Slater said her son became easily agitated for a while after the accident. He was responsive, but it was unclear what he could hear and he would not respond to verbal commands.

Eight days after the accident, the doctors told Slater they had done everything that could be done from a medical standpoint, and Connor was transferred to Madonna Rehabilitation to focus on physical and occupational therapies.

“They were amazing,” Slater said of the caregivers at Madonna. “You could just tell they cared.”

Slater said she and her former husband, Connor’s dad, Eric Slater, worked out a schedule so she could return to work a few days without leaving Connor alone. Their younger son, Tristan, also stayed with Eric during much of that time, she added.

By Independence Day, Connor already had begun repeating some of the words therapists were saying to him. When Slater told him she loved him on July 5, Connor responded with “I love you, too.”

“It was waterworks all around,” she said of the moment.

Slater said Connor’s recovery happened rather quickly after that. He regained his speech and cognition, and by the time he left Madonna, he was reading and doing math at a third grade level.

Connor’s original projected discharge date was Aug. 28, but he got to go home on Aug. 16. By that time, Slater said he was ready to go back to school. He began doing half days at school on Aug. 19. He now is back for full days.

“He wanted to go to school. He wanted to be with his friends. He loves to learn, and he didn’t lose that drive,” Slater said.

Slater said she is grateful for the care her son received and for the understanding of her coworkers at Good Life Counseling, who made it possible for her to spend so much time with her son as he recovered from the accident.

Connor still has a few issues with short-term recall, but Slater said the doctors expect him to make a full recovery. Still, Slater added that she hasn’t allowed him or his brother to do much unless there is constant supervision.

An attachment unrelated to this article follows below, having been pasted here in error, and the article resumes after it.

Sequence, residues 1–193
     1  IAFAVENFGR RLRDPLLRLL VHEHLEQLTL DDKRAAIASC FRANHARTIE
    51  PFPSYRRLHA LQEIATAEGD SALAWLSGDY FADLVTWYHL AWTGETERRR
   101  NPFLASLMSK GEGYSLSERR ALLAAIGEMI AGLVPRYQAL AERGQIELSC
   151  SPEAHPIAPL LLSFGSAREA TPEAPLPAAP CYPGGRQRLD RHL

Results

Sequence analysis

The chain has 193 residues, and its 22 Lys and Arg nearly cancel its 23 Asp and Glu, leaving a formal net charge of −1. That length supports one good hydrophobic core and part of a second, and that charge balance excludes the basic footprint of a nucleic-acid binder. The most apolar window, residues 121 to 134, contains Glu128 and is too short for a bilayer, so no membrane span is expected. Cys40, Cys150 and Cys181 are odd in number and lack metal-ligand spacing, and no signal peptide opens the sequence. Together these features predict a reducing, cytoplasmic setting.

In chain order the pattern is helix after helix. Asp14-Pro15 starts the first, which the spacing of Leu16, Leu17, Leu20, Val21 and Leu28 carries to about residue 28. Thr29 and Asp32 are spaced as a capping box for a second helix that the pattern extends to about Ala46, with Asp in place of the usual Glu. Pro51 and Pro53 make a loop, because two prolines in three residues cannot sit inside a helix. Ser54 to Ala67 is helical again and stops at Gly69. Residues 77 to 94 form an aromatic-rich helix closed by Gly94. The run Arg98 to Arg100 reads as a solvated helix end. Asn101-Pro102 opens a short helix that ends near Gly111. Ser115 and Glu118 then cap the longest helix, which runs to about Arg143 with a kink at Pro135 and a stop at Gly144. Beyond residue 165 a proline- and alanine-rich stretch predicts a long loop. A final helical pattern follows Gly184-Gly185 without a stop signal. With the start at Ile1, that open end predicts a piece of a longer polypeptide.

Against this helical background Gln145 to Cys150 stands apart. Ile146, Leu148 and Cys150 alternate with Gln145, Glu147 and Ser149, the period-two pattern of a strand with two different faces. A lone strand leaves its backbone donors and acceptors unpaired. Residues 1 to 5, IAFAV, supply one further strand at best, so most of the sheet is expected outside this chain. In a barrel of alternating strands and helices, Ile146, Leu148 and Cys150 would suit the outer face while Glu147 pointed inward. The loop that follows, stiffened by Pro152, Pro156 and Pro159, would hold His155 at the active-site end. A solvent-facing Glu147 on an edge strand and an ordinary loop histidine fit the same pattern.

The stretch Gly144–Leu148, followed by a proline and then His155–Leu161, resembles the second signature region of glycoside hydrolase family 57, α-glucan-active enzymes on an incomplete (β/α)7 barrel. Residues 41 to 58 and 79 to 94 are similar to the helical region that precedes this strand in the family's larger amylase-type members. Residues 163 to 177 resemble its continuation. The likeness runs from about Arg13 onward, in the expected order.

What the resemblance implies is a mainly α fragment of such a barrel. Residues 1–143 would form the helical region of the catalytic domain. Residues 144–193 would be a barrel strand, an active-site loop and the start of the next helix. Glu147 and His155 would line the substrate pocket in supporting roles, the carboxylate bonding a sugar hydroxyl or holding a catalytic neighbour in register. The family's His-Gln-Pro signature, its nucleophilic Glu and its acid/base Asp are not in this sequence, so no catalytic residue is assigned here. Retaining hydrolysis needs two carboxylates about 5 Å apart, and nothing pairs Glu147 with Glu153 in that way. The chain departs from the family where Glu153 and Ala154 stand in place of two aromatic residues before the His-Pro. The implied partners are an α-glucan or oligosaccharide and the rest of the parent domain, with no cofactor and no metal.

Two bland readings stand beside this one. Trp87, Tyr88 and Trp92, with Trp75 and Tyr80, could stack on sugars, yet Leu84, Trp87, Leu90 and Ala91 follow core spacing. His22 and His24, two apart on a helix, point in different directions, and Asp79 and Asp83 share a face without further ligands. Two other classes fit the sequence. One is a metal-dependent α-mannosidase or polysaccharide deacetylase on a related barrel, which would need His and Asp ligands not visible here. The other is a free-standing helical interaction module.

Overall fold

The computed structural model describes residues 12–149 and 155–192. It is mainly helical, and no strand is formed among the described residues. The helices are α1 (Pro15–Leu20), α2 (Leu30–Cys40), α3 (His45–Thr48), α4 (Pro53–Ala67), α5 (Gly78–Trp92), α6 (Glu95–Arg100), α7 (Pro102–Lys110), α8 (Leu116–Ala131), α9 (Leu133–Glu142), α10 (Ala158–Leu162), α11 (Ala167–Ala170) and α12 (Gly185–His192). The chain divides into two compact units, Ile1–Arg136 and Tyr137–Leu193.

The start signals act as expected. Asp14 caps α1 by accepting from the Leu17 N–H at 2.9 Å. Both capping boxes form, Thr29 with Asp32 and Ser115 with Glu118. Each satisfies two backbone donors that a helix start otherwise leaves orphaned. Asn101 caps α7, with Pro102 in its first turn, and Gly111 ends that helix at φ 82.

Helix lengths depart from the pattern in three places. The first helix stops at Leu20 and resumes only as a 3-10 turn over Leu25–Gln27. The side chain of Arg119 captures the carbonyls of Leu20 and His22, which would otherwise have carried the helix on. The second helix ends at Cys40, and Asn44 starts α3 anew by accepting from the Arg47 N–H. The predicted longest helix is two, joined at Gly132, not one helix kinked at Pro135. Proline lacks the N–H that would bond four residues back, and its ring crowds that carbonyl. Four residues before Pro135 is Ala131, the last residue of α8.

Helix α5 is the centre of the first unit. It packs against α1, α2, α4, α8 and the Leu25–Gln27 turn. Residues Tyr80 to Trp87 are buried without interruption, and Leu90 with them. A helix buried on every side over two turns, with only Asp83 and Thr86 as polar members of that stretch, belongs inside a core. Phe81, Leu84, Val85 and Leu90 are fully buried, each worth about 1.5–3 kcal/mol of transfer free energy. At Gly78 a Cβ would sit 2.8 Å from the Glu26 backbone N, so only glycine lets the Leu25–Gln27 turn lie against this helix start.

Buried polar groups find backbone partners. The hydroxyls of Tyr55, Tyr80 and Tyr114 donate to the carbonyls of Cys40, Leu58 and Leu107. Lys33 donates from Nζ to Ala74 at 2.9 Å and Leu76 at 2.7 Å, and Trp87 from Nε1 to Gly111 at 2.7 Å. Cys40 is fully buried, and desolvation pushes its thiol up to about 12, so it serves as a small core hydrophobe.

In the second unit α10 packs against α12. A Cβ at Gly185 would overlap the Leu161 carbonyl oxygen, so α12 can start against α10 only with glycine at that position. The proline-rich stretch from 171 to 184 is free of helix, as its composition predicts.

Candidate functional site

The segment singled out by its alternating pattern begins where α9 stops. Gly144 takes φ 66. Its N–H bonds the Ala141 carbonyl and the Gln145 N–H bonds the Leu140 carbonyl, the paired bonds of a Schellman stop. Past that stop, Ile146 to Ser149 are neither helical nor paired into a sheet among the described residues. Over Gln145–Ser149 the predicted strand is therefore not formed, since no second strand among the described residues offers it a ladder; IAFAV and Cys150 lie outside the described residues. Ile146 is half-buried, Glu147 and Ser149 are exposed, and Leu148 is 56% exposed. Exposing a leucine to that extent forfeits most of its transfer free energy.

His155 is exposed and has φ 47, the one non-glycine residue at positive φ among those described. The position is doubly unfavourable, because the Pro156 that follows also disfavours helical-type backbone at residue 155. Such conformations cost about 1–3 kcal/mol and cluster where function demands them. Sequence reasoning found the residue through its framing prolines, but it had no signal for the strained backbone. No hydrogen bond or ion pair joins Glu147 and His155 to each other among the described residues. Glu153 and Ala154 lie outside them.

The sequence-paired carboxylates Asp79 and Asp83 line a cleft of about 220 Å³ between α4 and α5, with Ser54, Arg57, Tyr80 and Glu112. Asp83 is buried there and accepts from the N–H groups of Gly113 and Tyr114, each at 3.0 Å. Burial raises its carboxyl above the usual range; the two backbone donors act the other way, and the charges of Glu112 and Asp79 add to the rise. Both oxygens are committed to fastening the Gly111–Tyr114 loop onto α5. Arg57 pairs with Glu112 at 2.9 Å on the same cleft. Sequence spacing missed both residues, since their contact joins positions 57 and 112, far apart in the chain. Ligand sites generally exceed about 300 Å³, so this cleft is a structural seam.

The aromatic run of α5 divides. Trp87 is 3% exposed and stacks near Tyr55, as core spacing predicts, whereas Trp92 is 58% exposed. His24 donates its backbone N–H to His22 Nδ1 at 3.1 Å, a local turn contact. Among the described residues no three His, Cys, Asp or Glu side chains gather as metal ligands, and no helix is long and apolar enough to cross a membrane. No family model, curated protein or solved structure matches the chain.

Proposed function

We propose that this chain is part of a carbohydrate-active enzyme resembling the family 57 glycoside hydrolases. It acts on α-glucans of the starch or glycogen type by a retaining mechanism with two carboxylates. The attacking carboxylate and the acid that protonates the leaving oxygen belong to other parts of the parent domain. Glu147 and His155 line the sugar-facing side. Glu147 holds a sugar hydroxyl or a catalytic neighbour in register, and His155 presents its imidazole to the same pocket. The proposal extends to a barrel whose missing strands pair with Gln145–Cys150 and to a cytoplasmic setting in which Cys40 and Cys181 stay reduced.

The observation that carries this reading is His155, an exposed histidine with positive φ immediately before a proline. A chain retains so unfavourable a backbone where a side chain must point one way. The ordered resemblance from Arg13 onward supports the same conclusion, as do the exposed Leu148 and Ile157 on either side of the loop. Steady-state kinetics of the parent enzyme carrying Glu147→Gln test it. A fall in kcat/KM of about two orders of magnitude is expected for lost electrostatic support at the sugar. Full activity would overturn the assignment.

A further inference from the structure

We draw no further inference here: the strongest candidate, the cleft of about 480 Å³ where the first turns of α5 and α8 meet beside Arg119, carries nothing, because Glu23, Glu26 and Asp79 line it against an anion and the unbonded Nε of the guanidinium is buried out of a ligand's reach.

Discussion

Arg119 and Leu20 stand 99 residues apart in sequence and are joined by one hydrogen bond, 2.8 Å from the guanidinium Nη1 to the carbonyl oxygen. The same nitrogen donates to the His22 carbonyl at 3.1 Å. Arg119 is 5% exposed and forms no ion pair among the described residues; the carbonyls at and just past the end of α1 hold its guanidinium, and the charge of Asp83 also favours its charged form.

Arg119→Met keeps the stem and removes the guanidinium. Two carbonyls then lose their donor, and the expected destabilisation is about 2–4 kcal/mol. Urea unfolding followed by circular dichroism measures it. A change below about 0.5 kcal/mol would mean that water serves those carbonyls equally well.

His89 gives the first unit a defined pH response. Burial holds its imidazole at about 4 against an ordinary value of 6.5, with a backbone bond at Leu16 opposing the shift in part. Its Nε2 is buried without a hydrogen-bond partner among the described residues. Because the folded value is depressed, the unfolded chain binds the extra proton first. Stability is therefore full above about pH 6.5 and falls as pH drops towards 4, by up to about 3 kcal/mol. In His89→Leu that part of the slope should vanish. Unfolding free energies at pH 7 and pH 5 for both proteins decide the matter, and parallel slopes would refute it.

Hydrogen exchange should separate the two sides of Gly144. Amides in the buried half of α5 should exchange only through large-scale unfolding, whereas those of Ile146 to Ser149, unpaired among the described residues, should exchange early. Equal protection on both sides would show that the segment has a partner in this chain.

“That’s the hard part. He’s 8. He’s in third grade,” she said. “I was trying to start to give him some freedom, trying to start to trust him and see what I could let him do.”

Slater said she now heavily emphasizes bicycle safety with her children, including the importance of wearing a helmet when riding, as well as the importance of getting off of their bikes and walking them across roads or highways.

“I learned that a child on a bike is not a pedestrian,” she said. “I did not know that until the accident happened.”

Slater said she is grateful that the driver who hit Connor was only doing the speed limit and stopped after the accident, but she also now is imploring drivers to pay closer attention to the environment in which they are driving, especially when the weather is nice.

“We need to be extra diligent as we are driving through towns or residential areas for kids. They don’t always do what they’re supposed to do, and there’s a reason they cut the speed limit way down when you go through the middle of some of these small towns,” she said.